The essential function of a trademark is to exclusively identify the source or origin of products or services, so a trademark, properly called, indicates source or serves as a badge of origin. In other words, trademarks serve to identify a particular entity as the source of goods or services. The use of a trademark in this way is known as trademark use. Certain exclusive rights attach to a registered mark.
Trademarks are used not only by businesses but also by non commercial organizations and religions to protect their identity and goodwill associated with their name.
Trademark rights generally arise out of the use of, or to maintain exclusive rights over, that sign in relation to certain products or services, assuming there are no other trademark objections.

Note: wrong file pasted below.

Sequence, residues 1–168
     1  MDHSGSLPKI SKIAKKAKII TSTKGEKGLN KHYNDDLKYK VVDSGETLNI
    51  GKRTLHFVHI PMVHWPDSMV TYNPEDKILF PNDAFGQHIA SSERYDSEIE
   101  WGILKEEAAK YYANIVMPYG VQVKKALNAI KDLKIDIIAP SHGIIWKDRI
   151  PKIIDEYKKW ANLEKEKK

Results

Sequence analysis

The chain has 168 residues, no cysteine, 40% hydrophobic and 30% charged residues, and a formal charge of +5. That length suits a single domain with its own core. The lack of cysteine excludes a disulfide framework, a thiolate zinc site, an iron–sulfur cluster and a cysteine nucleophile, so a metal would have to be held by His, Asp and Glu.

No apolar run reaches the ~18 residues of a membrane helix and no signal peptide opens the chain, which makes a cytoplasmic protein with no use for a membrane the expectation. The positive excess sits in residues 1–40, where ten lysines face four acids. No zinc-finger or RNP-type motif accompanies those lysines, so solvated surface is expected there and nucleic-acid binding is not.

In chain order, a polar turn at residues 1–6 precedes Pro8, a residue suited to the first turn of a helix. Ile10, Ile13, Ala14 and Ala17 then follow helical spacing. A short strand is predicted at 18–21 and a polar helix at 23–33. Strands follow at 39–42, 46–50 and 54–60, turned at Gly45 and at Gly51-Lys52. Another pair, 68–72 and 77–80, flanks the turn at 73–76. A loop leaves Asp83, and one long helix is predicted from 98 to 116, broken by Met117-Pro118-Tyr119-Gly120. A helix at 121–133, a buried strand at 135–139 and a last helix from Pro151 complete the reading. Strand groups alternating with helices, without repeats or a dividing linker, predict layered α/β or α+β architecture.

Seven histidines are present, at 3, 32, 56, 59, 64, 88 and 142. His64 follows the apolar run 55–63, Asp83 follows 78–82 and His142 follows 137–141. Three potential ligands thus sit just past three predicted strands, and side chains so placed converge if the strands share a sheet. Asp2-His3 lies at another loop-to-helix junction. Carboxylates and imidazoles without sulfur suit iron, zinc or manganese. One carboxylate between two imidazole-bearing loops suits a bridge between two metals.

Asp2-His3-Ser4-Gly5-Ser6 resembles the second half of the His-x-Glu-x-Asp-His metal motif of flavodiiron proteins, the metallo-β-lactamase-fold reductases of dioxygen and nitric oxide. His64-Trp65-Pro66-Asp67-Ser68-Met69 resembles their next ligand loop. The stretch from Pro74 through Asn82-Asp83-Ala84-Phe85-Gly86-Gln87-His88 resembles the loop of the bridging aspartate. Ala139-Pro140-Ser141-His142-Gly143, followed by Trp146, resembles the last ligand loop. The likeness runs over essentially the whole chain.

Different goods and services have been classified by the International (Nice) Classification of Goods and Services into 45 Trademark Classes (1 to 34 cover goods, and 35 to 45 cover services). The idea behind this system is to specify and limit the extension of the intellectual property right by determining which goods or services are covered by the mark, and to unify classification systems around the world.